The public safety benefit of syringe programs is of particular importance to police officers and medical first responders, who are likely to suffer needle-stick injuries during regular duties. In one study of police officers in San Diego, 30 percent reported having been stuck by a needle at least once. Having well-supported syringe programs increases the likelihood that drug users will tell officers that they possess injecting equipment, reducing odds that an officer will incur a needle-stick injury during a search.

In the context of the federal budget, the dollar amounts at issue in the syringe exchange ban are minuscule. During the two years when federal funding was available, Washington allocated $79,500 in federal funding to support syringe exchange programs around the state. Although a modest sum, the loss of this flexibility has had severe consequences. Several programs have limited hours, reduced services and cut staff.

By restoring the ban on federal funding for syringe exchange, members of Congress undoubtedly believed they were striking a blow against drug use. As experience has shown, nothing could be further from truth. By withholding funding for syringe exchange, Congress has made our communities, police officers and medical responders less safe, undermined a vital bridge to drug treatment, and hindered national efforts to address serious public health problems such as HIV and hepatitis C.

When the White House released the budget proposal for 2014, it included language that would allow local and state policy makers to determine for themselves whether to use federal funds for evidence-based syringe services programs. The bill containing the clearest language that would allow local jurisdictions to use existing federal money for syringe exchange programs is the Departments of Labor, Health and Human Services, and Education, and Related Agencies Appropriation Bill, 2014. Now we are waiting to see if Congress will adopt the Senate language and make it possible again for jurisdictions to make their own decisions about use of federal funds for this evidence based programming.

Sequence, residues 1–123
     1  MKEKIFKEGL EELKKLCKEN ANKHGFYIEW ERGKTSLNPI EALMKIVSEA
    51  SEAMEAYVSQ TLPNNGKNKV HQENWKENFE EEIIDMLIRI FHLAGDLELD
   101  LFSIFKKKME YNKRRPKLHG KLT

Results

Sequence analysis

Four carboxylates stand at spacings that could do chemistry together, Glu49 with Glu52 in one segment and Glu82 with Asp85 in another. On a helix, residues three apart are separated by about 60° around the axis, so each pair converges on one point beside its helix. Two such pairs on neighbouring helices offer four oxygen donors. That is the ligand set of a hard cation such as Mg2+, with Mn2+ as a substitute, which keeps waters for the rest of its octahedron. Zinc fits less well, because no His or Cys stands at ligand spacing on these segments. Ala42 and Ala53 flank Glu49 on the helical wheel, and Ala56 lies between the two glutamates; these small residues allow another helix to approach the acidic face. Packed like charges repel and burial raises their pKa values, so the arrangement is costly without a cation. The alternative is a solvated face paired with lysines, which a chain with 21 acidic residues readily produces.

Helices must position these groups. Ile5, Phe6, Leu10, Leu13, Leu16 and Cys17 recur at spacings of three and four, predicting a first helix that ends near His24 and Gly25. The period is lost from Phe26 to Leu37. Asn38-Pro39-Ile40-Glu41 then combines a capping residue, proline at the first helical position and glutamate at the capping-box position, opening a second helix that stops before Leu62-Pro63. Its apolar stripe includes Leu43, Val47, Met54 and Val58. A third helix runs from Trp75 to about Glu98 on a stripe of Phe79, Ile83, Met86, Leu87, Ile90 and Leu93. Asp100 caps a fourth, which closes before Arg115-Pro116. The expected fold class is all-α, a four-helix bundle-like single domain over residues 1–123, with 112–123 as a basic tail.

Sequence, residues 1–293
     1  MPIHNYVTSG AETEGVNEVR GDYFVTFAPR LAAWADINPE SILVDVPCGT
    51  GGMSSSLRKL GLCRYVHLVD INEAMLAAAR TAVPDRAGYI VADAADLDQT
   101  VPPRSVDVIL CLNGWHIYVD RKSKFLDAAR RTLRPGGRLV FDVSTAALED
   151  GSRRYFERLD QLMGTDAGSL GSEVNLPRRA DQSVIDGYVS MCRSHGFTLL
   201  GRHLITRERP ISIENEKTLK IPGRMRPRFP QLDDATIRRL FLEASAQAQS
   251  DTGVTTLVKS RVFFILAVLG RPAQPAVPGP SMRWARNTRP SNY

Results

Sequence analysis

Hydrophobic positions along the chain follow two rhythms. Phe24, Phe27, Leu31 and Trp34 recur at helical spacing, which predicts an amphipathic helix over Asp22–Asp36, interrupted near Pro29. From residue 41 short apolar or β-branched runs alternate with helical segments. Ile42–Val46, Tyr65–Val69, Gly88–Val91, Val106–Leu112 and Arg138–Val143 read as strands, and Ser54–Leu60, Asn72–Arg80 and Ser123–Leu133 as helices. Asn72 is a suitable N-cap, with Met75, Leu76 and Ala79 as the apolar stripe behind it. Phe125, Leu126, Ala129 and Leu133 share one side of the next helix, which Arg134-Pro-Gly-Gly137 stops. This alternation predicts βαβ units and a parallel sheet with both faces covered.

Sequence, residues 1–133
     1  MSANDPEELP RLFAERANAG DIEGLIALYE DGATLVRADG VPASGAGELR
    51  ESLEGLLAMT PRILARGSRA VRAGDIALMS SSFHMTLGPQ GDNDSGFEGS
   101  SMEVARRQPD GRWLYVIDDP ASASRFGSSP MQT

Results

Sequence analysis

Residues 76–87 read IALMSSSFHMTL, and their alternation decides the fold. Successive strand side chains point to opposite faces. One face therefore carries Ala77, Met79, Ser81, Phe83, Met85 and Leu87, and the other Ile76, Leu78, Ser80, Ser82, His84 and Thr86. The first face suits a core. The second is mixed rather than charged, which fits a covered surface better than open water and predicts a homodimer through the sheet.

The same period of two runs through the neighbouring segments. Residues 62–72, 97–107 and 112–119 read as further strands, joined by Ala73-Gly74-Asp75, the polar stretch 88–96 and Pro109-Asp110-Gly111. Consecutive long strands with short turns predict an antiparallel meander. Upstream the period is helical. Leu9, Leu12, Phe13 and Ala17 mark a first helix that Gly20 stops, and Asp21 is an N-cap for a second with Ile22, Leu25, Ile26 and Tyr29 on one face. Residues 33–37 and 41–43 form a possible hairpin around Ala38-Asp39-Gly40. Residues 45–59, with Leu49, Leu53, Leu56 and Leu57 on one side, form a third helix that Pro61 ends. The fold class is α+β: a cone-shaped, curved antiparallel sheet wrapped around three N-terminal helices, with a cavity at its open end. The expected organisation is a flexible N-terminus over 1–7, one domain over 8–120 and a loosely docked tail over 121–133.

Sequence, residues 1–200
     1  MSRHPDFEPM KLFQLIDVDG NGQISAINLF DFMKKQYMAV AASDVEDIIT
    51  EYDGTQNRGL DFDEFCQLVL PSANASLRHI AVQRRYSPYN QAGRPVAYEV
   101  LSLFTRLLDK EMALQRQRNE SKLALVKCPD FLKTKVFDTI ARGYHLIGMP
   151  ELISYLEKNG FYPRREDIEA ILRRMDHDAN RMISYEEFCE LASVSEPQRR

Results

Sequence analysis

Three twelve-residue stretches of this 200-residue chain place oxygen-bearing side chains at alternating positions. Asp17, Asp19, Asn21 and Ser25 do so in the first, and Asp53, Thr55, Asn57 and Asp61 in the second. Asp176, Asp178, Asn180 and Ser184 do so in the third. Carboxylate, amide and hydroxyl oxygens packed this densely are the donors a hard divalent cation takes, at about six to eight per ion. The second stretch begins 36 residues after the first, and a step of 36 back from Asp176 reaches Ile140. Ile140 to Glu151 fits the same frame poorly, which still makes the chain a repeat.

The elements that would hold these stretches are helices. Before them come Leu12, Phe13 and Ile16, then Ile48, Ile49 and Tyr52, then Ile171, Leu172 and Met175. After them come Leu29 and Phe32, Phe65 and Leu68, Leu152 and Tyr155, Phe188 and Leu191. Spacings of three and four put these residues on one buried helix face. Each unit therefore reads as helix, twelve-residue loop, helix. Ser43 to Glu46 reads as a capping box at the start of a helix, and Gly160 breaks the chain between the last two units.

Comments (19) RSS

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1
Arguments that are both logical and compassionate have no place in politics. This is no way to change your status from interim to permanent.
Posted by -J on August 14, 2013 at 9:25 AM · Report this
MacCrocodile 2
@1 - I for one am happy to see someone at least attempting a different approach to police work and politics in Seattle.
Posted by MacCrocodile http://maccrocodile.com/ on August 14, 2013 at 9:35 AM · Report this
TomJohnsonJr 3
@1, I think Pugel's got a way-better-than-even shot at going permanent no matter which mayor we get out of the general election. And I'm glad, especially compared to Diaz, to whom McGinn was bafflingly loyal. A non-asshole permanent chief with good hair, who once babysat Dominic Holden? Acceptable.
Posted by TomJohnsonJr on August 14, 2013 at 9:43 AM · Report this
raindrop 4
Public health indeed - my ex got stabbed by a needle pushing down the trash in a bin for apartments he managed in the heart of Capitol Hill. So there you would also save the expense of public expenditures helping those folks who then have to take the AIDS fighting drugs for a time and get tested. This is a very legitimate role that constitutional conservatives and libertarians should applaud.
Posted by raindrop on August 14, 2013 at 9:55 AM · Report this
Fnarf 5